Country music star Morgan Wallen is taking full responsibility for the racial slur controversy that cast a dark shadow over his successful career as a singer and songwriter.
Now, nearly three years since the scandal first reared its ugly face, the Last Night hitmaker has also shared about the steps he’s taken to learn from his mistakes, following the release of the video to TMZ in early February 2021.
‘There’s no excuse. I’ve never made an excuse. I never will make an excuse,’ Wallen said of the racial slur to Billboard. ‘I’ve talked to a lot of people, heard stories [about] things that I would have never thought about because I wasn’t the one going through it. And I think, for me, in my heart I was never that guy that people were portraying me to be, so there was a little bit of like, “Damn, I’m kind of actually mad about this a little bit because I know I shouldn’t have said this, but I’m really not that guy.”
The country crooner, 30, went on to reveal that he only has himself to blame for his actions.
‘I put myself in just such a s**t spot, you know?’ he told the music publication, before adding, ‘Like, “You really messed up here, guy.” If I was that guy, then I wouldn’t have cared. I wouldn’t have apologized. I wouldn’t have done any of that if I really was that guy that people were saying about me.’
Morgan Wallen, 30, addressed how he’s improved as human following the release of a video where he was seen on camera yelling a racial slur to a friend in a new interview with Billboard
By using ‘any of that’ the musician was referring to the many people he met with as part of his effort to ‘get my s**t together’, that included 300 Elektra Entertainment chairman/CEO Kevin Liles, Universal Music Group executive vp/chief people and inclusion officer Eric Hutcherson, and Grammy-winning gospel artist Bebe Winans.
He also had conversations with the Black Music Action Coalition (BMAC) and other groups in an effort to educate himself ‘to learn and try to be better.’
After all the self-introspection over the course of nearly three years and Wallen thinks he’s a changed man for the better.
‘That person is definitely not the same person I am now,’ he said of his transformation, while making sure to minimize the hurt he caused with his words.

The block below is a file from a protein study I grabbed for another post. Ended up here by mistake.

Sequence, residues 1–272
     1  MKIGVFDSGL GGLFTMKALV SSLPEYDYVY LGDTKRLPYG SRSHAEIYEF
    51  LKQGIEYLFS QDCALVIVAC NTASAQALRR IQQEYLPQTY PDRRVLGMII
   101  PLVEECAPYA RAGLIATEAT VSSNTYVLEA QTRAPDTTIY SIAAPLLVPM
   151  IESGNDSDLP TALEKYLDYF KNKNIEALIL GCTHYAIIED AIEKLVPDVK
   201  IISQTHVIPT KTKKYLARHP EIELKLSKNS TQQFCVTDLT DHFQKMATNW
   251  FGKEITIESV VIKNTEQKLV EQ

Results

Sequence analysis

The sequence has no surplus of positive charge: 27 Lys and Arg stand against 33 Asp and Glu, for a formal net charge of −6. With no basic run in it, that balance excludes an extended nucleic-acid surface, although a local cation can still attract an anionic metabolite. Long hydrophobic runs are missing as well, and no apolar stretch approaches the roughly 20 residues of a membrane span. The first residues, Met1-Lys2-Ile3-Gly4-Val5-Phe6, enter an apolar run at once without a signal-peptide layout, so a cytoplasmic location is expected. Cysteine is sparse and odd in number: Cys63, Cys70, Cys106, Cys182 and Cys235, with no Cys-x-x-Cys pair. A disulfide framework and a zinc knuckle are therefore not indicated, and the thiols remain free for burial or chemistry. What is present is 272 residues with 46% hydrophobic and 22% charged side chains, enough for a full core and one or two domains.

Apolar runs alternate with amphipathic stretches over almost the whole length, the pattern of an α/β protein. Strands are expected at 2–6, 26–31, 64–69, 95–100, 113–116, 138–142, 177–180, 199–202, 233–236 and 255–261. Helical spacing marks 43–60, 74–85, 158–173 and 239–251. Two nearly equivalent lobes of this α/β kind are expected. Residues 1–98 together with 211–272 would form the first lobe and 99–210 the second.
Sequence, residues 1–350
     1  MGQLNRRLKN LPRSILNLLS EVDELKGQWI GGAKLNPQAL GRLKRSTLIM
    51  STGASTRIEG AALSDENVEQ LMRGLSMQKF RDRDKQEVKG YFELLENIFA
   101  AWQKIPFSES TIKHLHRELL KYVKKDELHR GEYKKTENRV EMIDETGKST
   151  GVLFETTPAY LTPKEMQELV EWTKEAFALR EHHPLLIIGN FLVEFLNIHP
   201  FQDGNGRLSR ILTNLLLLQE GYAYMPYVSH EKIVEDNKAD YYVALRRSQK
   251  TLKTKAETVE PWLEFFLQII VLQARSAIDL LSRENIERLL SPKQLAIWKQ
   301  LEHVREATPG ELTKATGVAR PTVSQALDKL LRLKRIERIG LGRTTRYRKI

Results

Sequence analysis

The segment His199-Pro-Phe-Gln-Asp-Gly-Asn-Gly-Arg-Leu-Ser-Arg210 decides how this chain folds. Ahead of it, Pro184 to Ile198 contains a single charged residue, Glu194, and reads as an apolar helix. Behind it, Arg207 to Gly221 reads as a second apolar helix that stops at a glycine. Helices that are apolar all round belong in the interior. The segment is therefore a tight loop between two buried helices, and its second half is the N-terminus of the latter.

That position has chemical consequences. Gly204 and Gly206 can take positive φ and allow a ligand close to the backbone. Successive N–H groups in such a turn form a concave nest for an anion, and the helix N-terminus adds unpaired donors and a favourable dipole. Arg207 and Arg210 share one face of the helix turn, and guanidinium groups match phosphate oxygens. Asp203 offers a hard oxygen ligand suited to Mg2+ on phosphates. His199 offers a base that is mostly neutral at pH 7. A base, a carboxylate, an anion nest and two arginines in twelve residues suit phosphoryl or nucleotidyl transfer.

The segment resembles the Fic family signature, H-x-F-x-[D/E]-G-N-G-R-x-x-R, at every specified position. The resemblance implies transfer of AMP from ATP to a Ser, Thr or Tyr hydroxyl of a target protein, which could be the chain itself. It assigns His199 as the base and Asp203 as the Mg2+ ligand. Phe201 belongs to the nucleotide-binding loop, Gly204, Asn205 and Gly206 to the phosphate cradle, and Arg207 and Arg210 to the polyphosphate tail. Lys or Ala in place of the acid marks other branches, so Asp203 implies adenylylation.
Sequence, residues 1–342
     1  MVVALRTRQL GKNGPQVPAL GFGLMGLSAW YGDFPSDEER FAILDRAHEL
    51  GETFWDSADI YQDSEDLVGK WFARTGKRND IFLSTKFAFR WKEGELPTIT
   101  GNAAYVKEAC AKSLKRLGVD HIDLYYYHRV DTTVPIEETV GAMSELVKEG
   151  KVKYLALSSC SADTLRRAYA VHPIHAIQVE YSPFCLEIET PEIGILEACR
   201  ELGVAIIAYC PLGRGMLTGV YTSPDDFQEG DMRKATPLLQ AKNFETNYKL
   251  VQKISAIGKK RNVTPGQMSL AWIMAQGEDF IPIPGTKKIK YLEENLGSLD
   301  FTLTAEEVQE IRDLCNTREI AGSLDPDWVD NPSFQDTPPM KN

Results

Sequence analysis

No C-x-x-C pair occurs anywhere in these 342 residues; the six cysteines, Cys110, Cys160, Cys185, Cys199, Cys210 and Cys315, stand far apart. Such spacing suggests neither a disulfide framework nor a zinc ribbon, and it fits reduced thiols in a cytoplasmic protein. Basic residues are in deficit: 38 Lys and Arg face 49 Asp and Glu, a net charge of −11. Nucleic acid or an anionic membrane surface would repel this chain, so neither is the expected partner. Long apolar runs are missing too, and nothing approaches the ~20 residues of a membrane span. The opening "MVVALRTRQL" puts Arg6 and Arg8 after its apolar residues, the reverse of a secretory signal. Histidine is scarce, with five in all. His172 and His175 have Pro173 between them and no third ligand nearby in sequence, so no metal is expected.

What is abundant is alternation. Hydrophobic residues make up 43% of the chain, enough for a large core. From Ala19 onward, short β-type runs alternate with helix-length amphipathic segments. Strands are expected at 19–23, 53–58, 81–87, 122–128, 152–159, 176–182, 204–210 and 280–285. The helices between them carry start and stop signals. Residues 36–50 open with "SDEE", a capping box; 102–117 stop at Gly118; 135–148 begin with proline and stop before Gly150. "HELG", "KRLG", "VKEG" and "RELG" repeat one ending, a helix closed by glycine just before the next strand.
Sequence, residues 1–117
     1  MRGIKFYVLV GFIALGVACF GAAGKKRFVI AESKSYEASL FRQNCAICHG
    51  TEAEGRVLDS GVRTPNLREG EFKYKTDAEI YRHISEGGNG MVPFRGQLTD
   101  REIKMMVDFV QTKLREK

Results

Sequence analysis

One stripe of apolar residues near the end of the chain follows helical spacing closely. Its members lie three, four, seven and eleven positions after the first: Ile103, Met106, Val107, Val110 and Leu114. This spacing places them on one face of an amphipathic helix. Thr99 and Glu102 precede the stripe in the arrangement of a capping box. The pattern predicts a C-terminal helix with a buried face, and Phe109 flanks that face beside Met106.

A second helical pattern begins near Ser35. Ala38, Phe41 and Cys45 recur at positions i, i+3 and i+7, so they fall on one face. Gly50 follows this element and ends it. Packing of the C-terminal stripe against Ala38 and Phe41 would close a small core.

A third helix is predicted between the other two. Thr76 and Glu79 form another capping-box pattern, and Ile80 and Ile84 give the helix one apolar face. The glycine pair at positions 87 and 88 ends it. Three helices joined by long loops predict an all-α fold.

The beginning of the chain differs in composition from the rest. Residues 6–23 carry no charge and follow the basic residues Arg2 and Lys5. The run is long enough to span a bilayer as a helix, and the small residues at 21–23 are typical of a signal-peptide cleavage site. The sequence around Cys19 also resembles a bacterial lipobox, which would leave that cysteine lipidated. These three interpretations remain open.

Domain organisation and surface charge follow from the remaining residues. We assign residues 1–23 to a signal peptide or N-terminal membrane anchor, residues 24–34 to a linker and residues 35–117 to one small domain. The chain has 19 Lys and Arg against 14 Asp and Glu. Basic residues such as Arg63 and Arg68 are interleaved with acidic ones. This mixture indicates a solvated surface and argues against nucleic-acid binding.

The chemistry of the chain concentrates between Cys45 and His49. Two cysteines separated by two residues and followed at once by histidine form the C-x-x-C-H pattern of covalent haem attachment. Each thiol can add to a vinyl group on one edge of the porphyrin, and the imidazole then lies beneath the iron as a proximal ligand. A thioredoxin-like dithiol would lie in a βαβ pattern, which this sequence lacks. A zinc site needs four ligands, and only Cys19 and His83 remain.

Up until early 2021, Wallen had made himself into a bonafide country music star with the release of his first two studio albums: If I Know Me (2018) and Dangerous: The Double Album (2021)
The debut album album peaked at number 10 on the US Billboard 200 Top Country Albums chart and number one on the US Top Country Albums chart behind such hits singles as The Way I Talk, Up Down, a collaboration with Florida Georgia Line, Whiskey Glasses and Chasin’ You, with the latter three topping the Billboard Country Airplay chart.
It went on to become certified platinum by the Recording Industry Association of America (RIAA) in September 2020 and double platinum in January 2022.
There would be more success for the Sneedville, Tennessee native upon the release of his sophomore effort in January 2021.
Dangerous: The Double Album, which was proceeded by the singles More Than My Hometown and 7 Summers, debuted at number one on the US Billboard 200 and the US Top Country Albums charts.
The racial slur controversy came just weeks after the release of his hit second studio album- Dangerous: The Double Album – in January 2021, at a time when he should have been relishing in all his success
He would be caught on camera using the racial slur about a month after his second record was released, which at first was a time to relish in all of his success.
On the clip, he can be seen and heard using the N-word as he told a friend to get another friend home safely after what was believed to be a night of drinking alcohol between him and a group of pals in Nashville.
‘I’m embarrassed and sorry,’ Wallen told TMZ in a statement at the time, after the publication posted the video. ‘I used an unacceptable and inappropriate racial slur that I wish I could take back. There are no excuses to use this type of language, ever. I want to sincerely apologize for using the word. I promise to do better.’
Despite the apology, which TMZ posted along wit the video, the backlash from the public was both swift and severe. Radio playlists pulled his music, his booking agency dropped him, awards shows deemed him ineligible, and his own label suspended him.
The father of one ended up spending the rest of 2021 out of the spotlight to work on himself in order to learn from his mistakes.
But in a true show of his fan base, he was able to weather the storm and try to make amends, all while learning his mistakes and giving back to those in need.
‘There’s no excuse. I’ve never made an excuse. I never will make an excuse,’ Wallen said of the racial slur incident to Billboard, before sharing about how he’s been able to give back to communities in need through donations from his ticket sales
One way he has helped create a silver lining to the racial slur controversy is through the Morgan Wallen Foundation (formerly the More Than My Hometown Foundation).
He has been donating three dollars from every concert ticket he sells to his foundation, which in turn helps underserved communities through supporting music and sports youth programs.
By February 2022 Wallen and Big Loud Records (on behalf of Wallen from his royalties) had donated $500,000 to organizations such as The National Museum Of African American Music, Rock Against racism and the BMAC.
His contributions topped $1 million in 2023, which included donating $100,000 to the Atlanta Baves Foundation and $500,000 to Habitat For Humanity Of Greater Nashville to help revitalize a baseball and softball complex.
In another sign people have forgiven Wallen, he is currently on top of Billboard’s Country Airplay chart with his single Wasted on You.